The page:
Michael Bryce (Ryan Reynolds) is a bodyguard. Darius Kincaid (Samuel L. Jackson) is a hitman. The bodyguard must bodyguard the hitman. Hilarity ensues.
Except, not too much hilarity. Some hilarity. Well, maybe hilarity isn’t the word. There are some chuckles.
But mostly the film is heavy on the loud, boisterous action. Some of this action is handled quite well. There is one hand-to-hand combat sequence between Reynolds and a bevy of guards that traverses through a kitchen and then a hardware store. This is a particularly sound action sequence, especially as it is cross-cut with Jackson being chased by car.
In this way, The Hitman’s Bodyguard works better as a straight action film than it does a comedy. There are a number of quips between Jackson and Reynolds that work well, particularly later in the movie when the two characters have received a genuine rapport, but these work better under buddy cop conventions than comedy ones.
The other comedy in the film is clunky, when one speaks in generous terms. A crass-mouthed Salma Hayek is the first sign of this comedic shortcoming, but the main culprit is blatant use of cliches to make its comic case. It appears as if the film intends to be in on the joke when utilizing these cliches, but it rarely subverts them.
The other glaring (quite literally) error with the film is its technical shortcomings. There are truly poor shots in this film, especially when the attention is not given to action. Most of this has to do with lighting, which is overexposed far too often for a big budget film. Even as an intentional choice, it is by no means aesthetically pleasing to see blown-out light around our protagonists.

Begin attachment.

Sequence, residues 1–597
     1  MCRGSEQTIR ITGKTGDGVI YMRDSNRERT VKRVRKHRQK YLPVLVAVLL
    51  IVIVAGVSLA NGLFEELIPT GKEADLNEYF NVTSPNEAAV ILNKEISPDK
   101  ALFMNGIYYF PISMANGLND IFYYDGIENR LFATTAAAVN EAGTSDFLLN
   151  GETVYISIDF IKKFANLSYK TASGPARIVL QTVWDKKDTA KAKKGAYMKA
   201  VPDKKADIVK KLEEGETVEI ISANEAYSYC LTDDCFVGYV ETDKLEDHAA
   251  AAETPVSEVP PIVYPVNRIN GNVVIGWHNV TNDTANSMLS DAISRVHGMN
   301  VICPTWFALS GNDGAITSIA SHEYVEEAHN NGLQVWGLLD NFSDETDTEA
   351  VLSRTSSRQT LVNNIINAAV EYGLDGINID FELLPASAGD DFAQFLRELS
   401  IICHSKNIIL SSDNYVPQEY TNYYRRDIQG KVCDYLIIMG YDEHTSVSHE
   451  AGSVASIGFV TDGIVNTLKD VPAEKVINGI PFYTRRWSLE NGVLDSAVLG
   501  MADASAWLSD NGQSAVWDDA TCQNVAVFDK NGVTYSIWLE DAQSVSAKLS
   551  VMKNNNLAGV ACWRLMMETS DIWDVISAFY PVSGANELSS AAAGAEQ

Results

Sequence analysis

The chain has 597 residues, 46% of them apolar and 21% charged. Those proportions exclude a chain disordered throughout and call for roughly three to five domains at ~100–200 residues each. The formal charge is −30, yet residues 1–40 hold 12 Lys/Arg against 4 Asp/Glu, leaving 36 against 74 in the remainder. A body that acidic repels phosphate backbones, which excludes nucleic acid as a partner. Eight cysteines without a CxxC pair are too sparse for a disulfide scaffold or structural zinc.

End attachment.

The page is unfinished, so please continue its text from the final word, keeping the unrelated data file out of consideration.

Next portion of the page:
When it comes down to it, however, The Hitman’s Bodyguard survives on its core relationship. Reynolds and Jackson work well together, even when they are shouting profusely (there is, at least, a recognition of this loudness late in the film). While at first it seems like Reynolds is phoning it in, with his lazy voiceover, both him and Jackson bring their well-known charisma to their roles.
So while the film fails to be either an original action film nor a satisfactory all-around comedy, it has its moments where both genres can shine. If only briefly.
The Hitman’s Bodyguard: C
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—Alex Brannan (@TheAlexBrannan)